We know a lot about teaching and learning, but our knowledge is scattered across three separate domains.
The first knowledge domain is centered on the world of educational research that’s been advancing what we know about teaching and learning for more than a hundred years. There’s hardly an educational issue that hasn’t been studied in education or its associated subfields, like educational psychology, adult learning, and higher education. On this large empirical foundation we could rest a more evidence-based instructional practice.
But educational research remains largely unexplored by those who teach, partly because there aren’t strong norms expecting college teachers to grow and develop their instructional knowledge, but mostly because the journal articles describing these studies and their findings aren’t written for practitioners. They’re written to inform the next round of research. That makes them tough for outsiders to read and often researchers aren’t focused on the practical implications of their work. Then there’s the disdain for educational research held by some faculty. “Why should we bother with those who theorize, hypothesize, and ‘study’ what we do every day in the classroom?” I was asked recently. So, there’s nothing we can learn from this work? How naïve is that? I admit that not all educational research is great scholarship, but is all the work done in any discipline flawless?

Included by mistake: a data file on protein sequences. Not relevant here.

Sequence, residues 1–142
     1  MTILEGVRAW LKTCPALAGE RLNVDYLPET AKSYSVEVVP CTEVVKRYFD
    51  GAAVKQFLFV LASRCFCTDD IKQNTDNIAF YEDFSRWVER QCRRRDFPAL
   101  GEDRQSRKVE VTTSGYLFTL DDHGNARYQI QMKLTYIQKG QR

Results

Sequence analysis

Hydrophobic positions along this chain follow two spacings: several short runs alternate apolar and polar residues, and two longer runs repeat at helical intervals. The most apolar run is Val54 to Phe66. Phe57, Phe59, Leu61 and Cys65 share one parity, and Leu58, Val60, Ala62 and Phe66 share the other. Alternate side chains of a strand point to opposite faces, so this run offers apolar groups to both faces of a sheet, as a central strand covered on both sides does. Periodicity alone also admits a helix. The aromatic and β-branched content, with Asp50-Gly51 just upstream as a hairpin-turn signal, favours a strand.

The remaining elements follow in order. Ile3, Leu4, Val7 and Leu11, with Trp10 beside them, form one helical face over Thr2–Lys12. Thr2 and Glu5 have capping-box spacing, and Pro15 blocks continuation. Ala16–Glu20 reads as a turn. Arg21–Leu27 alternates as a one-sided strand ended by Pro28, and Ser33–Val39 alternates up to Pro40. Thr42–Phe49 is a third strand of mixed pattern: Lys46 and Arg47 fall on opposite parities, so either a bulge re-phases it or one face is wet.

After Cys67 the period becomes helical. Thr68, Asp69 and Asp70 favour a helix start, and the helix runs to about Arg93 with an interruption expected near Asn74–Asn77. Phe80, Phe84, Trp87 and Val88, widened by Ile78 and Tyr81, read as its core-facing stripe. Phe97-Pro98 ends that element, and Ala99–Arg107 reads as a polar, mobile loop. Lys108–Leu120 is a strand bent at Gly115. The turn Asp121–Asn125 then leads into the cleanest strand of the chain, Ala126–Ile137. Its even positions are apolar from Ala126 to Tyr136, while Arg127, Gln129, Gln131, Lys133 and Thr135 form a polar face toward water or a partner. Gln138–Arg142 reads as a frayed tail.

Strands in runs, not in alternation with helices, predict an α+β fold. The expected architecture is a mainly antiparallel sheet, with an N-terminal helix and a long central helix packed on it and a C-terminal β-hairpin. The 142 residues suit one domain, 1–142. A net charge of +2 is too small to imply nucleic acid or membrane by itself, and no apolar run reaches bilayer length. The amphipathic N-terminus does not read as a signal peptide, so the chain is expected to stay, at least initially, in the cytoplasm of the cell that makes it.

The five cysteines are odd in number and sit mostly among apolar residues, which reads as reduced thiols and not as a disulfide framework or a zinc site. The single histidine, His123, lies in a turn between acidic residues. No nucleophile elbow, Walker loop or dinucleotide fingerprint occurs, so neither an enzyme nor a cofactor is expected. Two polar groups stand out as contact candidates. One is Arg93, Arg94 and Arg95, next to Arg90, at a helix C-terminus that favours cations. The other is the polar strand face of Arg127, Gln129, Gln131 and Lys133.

Then there’s the world of pedagogical knowledge that exists within our disciplines. An increasing amount of it is empirical, and it is practitioner scholarship that makes it more applied and with clearer implications. Some faculty read this type of scholarship (not many), and still fewer contribute to it. The work is based in the disciplines because that’s where it often gets counted. And although this scholarship still doesn’t get counted as often as it should, it’s valued and rewarded today way more often than it used to be.
by Maryellen Weimer, PhD.